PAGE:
Labour sought to reposition itself as radical on welfare reform on Sunday as it became anxious about losing ground to the Tories on a critical issue for voters.

Harriet Harman, deputy Labour leader, said it was “not surprising” that struggling families felt “very resentful for people who are not working”.

“You can’t have a situation where people feel they’re getting worse off and feel resentful about people who aren’t working and people who aren’t working who don’t want to work are left off the hook,” she told the BBC’s Andrew Marr show.

Labour advisers confirmed that the party was considering linking benefits to how much has been paid into the welfare state, but cautioned that it would not impose measures that would increase the welfare bill. Ms Harman said one manifestation of this would be for councils to give priority to people on housing lists, according to the contribution they make to their local communities.

The opposition intervention comes after days of clashes between the two main parties on benefit changes that come into force on Monday, including a below inflation rise of 1 per cent rise in working-age benefits and tax credits, as well as caps to housing benefit.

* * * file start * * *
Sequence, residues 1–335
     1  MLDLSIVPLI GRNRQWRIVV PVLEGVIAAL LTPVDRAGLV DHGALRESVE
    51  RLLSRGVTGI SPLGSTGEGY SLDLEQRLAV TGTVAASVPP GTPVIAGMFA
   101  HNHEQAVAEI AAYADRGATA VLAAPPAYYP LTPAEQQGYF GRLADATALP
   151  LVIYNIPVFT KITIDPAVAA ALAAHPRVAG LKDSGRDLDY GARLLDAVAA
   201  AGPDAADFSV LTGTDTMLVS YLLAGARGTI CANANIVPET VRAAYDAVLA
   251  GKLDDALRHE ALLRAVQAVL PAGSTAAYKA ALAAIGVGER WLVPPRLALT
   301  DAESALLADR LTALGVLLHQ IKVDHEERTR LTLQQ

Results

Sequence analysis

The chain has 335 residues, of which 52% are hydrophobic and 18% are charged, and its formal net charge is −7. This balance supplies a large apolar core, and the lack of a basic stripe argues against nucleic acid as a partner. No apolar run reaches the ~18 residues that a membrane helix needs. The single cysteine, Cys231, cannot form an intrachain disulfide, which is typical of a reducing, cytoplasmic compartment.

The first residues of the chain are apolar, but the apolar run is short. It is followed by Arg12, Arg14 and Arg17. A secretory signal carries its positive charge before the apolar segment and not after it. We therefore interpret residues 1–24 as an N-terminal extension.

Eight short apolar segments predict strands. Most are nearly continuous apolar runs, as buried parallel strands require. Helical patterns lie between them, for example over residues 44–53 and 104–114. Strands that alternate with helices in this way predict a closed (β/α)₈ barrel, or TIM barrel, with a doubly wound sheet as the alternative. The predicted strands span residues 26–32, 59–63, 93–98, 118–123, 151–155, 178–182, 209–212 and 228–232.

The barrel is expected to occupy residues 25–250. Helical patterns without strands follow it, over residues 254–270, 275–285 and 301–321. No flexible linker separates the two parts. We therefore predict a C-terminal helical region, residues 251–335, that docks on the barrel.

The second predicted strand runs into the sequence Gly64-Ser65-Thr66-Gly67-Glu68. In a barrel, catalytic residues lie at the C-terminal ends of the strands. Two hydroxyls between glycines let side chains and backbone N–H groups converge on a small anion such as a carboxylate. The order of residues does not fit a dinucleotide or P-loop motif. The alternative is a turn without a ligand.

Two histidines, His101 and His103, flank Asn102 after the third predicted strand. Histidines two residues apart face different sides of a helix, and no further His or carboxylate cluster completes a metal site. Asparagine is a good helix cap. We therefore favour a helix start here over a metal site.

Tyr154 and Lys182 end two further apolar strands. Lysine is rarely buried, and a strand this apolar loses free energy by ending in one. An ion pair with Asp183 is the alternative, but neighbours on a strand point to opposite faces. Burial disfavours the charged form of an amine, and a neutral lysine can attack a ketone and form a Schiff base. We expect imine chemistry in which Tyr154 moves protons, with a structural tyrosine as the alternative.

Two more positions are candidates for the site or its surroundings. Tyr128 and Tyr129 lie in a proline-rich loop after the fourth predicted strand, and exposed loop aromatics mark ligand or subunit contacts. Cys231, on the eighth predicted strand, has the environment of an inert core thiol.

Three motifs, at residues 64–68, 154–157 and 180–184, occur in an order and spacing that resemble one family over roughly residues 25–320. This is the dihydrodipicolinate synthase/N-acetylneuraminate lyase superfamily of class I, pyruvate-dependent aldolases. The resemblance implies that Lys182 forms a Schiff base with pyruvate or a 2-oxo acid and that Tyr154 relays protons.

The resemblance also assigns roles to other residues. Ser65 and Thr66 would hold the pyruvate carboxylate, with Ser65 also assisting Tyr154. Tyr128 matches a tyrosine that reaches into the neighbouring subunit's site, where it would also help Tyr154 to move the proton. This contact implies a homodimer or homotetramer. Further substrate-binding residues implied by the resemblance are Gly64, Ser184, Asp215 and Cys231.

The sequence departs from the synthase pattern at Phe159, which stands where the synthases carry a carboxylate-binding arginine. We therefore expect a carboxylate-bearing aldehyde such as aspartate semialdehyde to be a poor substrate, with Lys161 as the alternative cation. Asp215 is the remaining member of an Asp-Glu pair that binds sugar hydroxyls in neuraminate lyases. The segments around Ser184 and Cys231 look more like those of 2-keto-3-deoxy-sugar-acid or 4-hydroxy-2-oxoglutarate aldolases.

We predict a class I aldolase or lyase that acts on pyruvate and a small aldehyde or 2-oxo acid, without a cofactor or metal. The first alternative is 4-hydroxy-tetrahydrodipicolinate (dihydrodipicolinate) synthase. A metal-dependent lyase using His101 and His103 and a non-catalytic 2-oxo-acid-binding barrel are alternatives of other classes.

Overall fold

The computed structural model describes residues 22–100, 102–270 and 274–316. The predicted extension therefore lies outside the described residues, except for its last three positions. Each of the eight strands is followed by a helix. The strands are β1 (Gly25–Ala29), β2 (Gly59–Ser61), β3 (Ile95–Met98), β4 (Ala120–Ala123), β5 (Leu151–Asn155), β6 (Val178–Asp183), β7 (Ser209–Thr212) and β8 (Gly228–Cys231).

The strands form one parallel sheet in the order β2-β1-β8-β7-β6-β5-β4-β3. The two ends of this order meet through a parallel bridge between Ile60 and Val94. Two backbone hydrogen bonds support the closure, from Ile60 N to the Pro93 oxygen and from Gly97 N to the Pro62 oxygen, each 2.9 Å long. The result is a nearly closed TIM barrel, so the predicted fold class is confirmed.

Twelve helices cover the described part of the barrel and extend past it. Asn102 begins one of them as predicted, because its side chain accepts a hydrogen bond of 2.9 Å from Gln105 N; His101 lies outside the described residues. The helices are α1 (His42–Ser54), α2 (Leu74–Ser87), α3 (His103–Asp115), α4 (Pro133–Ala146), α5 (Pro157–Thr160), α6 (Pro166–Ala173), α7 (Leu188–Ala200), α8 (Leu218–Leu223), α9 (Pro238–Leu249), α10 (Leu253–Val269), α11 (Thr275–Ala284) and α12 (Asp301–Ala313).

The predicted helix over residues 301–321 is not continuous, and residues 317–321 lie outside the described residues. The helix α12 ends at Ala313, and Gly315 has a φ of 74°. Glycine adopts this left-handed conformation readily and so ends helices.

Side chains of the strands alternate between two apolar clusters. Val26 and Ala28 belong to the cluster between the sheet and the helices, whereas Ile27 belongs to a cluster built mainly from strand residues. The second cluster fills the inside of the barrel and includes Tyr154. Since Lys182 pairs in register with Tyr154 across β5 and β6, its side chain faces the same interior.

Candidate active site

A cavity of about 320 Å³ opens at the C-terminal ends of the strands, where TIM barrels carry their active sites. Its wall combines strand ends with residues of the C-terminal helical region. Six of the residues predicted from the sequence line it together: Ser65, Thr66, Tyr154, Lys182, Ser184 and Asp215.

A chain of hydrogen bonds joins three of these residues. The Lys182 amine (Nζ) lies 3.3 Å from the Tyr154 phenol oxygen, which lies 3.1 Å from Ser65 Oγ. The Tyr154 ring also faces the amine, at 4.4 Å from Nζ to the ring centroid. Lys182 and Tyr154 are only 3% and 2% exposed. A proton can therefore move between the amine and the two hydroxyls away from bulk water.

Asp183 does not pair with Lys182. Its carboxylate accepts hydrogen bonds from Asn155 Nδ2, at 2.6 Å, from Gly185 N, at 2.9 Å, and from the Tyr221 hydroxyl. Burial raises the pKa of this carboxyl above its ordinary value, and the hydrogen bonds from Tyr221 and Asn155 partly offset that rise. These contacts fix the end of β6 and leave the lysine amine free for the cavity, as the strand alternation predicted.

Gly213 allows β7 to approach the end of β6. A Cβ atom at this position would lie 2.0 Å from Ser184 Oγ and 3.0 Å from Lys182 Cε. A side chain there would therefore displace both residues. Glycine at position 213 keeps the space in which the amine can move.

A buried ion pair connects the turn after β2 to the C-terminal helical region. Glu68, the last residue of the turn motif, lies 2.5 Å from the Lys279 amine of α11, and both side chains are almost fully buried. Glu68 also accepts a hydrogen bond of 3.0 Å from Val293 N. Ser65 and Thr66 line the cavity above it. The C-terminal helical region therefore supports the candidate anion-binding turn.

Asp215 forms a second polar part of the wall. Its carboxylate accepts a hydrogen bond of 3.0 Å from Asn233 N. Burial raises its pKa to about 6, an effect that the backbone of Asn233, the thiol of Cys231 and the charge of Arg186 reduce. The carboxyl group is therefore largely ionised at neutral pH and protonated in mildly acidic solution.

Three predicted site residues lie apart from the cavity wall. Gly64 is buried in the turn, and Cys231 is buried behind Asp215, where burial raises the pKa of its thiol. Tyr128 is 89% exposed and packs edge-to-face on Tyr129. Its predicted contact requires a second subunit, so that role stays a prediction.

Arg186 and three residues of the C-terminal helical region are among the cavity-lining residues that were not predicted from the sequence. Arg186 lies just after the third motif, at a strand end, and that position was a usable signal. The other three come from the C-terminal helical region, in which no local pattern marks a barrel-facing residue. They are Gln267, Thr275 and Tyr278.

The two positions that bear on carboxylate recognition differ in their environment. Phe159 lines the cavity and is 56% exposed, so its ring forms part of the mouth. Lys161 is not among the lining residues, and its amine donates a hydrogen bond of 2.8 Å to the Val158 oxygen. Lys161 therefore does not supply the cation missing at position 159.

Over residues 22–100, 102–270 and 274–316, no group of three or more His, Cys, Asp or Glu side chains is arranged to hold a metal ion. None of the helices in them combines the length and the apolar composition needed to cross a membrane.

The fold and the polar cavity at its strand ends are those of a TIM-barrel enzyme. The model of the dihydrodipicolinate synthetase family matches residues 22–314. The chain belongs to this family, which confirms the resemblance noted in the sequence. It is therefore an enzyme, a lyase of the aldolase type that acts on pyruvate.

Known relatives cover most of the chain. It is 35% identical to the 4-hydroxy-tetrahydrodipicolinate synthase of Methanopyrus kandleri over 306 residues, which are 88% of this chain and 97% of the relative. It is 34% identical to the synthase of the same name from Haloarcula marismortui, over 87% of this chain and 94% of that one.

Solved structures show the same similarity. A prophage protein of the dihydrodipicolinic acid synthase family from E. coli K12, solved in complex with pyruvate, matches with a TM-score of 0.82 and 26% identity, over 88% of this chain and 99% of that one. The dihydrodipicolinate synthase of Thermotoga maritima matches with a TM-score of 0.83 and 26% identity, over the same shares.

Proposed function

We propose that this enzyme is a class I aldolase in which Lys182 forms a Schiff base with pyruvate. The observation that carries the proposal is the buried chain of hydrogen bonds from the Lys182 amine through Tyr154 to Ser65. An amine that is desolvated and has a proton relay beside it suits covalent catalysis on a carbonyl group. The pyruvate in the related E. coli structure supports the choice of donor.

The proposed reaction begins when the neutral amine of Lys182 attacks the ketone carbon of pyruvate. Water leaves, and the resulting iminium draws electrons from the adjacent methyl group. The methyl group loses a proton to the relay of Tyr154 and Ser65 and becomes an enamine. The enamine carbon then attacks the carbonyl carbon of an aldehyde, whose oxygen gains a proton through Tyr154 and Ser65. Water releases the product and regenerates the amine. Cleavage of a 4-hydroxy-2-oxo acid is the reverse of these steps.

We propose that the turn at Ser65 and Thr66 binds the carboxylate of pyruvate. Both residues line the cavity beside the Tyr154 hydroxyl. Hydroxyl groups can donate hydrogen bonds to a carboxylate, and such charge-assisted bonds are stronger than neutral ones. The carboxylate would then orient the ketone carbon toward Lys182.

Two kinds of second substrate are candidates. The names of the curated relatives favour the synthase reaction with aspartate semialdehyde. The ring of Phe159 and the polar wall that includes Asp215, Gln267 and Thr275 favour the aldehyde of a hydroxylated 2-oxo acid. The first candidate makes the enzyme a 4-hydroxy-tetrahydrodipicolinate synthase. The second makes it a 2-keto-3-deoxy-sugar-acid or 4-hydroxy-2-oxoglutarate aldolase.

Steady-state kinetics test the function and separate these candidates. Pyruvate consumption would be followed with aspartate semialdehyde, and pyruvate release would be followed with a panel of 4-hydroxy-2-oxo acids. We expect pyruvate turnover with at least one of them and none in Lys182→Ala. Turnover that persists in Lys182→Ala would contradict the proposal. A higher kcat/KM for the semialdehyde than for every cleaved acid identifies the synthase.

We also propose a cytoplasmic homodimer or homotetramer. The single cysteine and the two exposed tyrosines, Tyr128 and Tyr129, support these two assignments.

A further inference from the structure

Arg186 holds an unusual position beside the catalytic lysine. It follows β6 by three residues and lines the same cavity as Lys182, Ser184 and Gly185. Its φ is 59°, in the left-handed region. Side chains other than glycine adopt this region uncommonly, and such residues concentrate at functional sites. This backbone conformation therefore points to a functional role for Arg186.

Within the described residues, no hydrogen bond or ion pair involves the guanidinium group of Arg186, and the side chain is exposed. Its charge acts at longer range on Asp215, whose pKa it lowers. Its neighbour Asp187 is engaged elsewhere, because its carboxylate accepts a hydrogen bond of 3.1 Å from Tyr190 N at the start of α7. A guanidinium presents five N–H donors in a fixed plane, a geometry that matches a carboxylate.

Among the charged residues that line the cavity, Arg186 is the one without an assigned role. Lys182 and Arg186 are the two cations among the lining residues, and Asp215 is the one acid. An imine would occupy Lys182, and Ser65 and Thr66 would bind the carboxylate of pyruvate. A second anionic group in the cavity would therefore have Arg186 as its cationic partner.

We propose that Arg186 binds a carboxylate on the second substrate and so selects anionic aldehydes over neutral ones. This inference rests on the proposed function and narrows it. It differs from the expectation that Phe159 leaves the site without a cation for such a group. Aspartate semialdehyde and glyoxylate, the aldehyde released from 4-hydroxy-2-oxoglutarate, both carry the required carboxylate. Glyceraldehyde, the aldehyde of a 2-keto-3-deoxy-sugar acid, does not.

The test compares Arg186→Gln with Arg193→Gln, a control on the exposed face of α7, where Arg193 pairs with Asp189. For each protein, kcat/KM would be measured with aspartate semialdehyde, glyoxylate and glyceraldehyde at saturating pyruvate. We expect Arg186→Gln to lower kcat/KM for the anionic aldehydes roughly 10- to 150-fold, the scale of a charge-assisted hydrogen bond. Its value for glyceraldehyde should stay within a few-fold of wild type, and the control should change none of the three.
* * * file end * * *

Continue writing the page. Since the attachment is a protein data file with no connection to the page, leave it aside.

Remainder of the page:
Conservatives decried Labour’s move as a “panic” reaction rather than a credible policy. “It turns out that even Labour’s own advisers think it won’t ever work because it would mean even more spending,” said Grant Shapps, Tory party chairman.

The policy review is part of a push by Labour to become more aligned to public sentiment and counter charges from opponents that Labour is soft on welfare.

A poll in the Sun revealed that eight out of 10 voters supported the £26,000 a year limit on what families can receive on benefits, while nearly seven out of 10 respondents think the system does not work and is in urgent need of reform.

Politicians have also clashed over George Osborne’s suggestion that the actions of Mick Philpott, who killed six of his children in a fire, raised questions about the wider welfare state. The chancellor’s remarks prompted rebukes from both Labour an the Lib Dems, with Ed Balls, shadow chancellor, accusing Mr Osborne of “cynical” exploitation.

Coalition politicians seized on Labour’s ideas as evidence that Labour was “out of touch” with the public. Danny Alexander, Treasury chief secretary, said it was extraordinary that Labour should come forward with proposals “to spend even more money on the welfare system”.

A more contributory welfare state would echo that of Germany, against the universal model of Sweden or Norway and a support-based model in the UK, where taxpayers prop up a minority in need.

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